The next time the space shuttle flies it will carry more than 250,000 commemorative postal covers that the U.S. Postal Service will sell to stamp collectors and dealers for as much as $15 apiece.

The stamped envelopes will be placed in canisters in the cargo bay of the space shuttle Challenger when it makes its third flight into the Earth's orbit, scheduled for late August.

It will be the first time that NASA has agreed to persistent Postal Service requests that it fly into space postal covers that can be distributed to collectors.

"We have this opportunity in part because the payload we were prepared to fly will not fly until next year," Air Force Lt. Gen. James A. Abrahamson, NASA associate administrator, said in an interview.

NASA sources said that the space agency has resisted such requests from the Postal Service since 1971, when the three Apollo 15 astronauts secretly carried 100 souvenir stamped envelopes to the moon and later gave them to a German stamp dealer who sold them for $150,000. The astronauts, David R, Scott, Alfred M. Worden and James B. Irwin, were to get $21,000 of the proceeds, but decided to turn down the money.

"We can't live with that scandal forever," one NASA source said. "We decided it was time to forget it."

The envelopes will feature the patch designed for the next shuttle flight, a tribute to the space agency's 25th anniversary, and a $9.35 overnight express stamp depicting the head of an eagle with the Earth behind it. The stamp will be canceled with the date of issue, which will be the day that the shuttle launches.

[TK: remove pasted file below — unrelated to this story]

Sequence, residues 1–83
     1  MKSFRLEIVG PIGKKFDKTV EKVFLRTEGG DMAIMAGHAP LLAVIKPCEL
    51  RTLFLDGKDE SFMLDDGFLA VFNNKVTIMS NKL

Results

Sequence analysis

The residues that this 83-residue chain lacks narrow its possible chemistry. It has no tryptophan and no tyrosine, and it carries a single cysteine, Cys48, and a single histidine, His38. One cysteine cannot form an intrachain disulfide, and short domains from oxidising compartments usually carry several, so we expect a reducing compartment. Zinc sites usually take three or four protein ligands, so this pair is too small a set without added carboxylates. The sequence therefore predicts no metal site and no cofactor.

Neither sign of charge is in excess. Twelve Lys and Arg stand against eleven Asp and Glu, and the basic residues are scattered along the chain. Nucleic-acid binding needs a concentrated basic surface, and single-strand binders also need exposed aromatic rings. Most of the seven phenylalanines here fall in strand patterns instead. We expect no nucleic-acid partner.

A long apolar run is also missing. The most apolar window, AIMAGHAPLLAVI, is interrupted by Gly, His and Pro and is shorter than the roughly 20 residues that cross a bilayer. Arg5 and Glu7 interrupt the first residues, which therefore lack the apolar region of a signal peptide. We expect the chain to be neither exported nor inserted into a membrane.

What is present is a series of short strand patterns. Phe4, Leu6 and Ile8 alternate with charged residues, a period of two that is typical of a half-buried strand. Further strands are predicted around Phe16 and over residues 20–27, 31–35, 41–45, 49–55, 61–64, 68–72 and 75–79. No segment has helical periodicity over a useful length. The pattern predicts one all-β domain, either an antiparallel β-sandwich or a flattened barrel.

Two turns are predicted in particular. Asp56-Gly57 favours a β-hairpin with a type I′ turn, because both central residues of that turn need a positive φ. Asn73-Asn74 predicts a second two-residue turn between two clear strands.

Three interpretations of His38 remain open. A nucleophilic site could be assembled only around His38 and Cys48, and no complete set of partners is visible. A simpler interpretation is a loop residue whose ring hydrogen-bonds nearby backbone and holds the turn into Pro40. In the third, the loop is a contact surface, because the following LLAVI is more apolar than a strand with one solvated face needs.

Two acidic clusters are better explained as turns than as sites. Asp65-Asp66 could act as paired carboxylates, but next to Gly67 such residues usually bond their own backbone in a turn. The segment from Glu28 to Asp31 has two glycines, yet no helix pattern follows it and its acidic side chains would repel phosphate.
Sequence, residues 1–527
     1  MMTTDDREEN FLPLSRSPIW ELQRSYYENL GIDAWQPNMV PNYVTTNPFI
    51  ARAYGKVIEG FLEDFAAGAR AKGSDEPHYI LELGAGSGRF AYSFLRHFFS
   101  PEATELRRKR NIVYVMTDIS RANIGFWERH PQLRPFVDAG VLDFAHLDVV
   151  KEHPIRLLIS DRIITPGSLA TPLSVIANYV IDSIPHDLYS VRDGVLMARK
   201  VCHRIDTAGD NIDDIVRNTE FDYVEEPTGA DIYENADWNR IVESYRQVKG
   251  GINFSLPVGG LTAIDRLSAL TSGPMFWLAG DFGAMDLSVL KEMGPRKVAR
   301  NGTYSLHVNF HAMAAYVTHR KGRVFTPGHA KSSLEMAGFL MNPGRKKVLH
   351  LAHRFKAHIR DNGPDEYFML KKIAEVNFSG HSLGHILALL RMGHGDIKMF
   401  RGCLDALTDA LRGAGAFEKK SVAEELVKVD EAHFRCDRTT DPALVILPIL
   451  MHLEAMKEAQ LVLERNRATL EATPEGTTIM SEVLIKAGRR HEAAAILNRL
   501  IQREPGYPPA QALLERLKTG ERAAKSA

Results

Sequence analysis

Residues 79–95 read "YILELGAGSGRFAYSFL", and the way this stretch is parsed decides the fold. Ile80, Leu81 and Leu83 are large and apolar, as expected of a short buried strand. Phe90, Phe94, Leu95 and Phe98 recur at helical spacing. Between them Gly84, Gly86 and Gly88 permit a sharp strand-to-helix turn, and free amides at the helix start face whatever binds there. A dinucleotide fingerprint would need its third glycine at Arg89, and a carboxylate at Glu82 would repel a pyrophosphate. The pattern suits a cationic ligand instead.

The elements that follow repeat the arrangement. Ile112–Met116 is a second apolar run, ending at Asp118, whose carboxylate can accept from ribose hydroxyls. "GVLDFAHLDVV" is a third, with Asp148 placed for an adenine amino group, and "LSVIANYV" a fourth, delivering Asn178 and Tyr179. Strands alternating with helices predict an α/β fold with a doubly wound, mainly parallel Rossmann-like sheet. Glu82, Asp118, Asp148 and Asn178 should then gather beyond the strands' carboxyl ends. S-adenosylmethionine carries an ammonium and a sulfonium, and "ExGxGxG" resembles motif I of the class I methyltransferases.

The Postal Service said it has not decided on a price for the covers, but said each will sell for more than the $9.35 it charges for its overnight express delivery. Stamp dealers said that they had heard that the price for each cover would be between $12 and $15.

"There is a lot of interest among dealers and collectors in this stamp," said Bernard Steinke of the John W. Kaufman stamp-dealing firm. "First flights carrying commemorative covers have been popular all over the world ever since air mail service began back in the '20s and '30s."

The Postal Service said that distribution plans were being discussed.

One NASA source said that the Postal Service asked the space agency to carry at least 250,000 of the covers to discourage development of a black market that would drive up their price. The source said, "Any less than 250,000 would only make the covers more valuable than the Postal Service thinks they should be."